In the north of Ireland, soda farls are the Irish soda bread. My grandmother spent the seventy years of her adult life cooking this wonderful bread on an old-fashioned griddle, before serving it up still warm, butter melting slowly over the top. I’ve put down her recipe here, and also a couple of secret reasons why no one’s soda bread tasted quite like my grandmother’s soda bread
My Grandmother was a remarkable woman; she raised a family of twelve children and ten stepchildren making them fresh soda farls every day for their evening meal. Even after they had all left home she continued making soda bread every day. Her kitchen was always filled with the warm, floury smell of freshly-griddled farls. Eaten still warm, with melting butter and a little home-made jam they were simply delicious.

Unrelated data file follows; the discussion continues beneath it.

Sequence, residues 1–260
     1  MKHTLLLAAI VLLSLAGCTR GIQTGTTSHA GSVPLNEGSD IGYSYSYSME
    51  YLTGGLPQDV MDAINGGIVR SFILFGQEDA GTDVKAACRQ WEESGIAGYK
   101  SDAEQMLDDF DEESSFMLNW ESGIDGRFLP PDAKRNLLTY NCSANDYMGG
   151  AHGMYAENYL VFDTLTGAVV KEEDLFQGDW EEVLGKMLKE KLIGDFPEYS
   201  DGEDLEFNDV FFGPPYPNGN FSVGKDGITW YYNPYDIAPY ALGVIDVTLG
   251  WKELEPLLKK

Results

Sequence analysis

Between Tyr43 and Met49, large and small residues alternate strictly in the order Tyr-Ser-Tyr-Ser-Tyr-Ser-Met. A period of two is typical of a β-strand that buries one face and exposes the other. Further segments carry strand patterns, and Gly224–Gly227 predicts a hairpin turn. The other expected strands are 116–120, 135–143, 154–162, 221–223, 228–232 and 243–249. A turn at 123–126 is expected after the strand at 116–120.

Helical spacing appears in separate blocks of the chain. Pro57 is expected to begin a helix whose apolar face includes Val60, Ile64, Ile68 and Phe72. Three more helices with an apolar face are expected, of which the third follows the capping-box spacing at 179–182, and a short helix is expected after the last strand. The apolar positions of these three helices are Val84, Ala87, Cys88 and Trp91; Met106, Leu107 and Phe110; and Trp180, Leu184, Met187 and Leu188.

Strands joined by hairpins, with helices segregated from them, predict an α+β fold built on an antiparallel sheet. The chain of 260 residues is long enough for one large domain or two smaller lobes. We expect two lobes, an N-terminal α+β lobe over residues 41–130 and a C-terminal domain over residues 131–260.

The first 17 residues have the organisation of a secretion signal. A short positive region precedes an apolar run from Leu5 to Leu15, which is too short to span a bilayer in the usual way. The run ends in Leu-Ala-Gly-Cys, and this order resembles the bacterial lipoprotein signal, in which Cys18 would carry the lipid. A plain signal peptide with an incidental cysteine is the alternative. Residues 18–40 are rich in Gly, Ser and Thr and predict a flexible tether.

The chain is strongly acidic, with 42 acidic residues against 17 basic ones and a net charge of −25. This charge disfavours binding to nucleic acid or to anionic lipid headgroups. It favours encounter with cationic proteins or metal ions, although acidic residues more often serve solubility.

For anyone who has never tried an Irish soda farl I cannot recommend them too highly – they are a soft, dense bread, very satisfying, and they can be enjoyed savoury in a cooked breakfast or sweetened with clotted cream and jam.
Out of her seventy or so direct descendants, children, grandchildren and great grandchildren, no one has succeeded in making soda bread that tasted like my grandmother’s soda bread – despite the fact that she followed a simple recipe.
I’ve asked around my relatives and I think I have figured out a few secrets which helped make my Granmother’s Irish soda farls the best: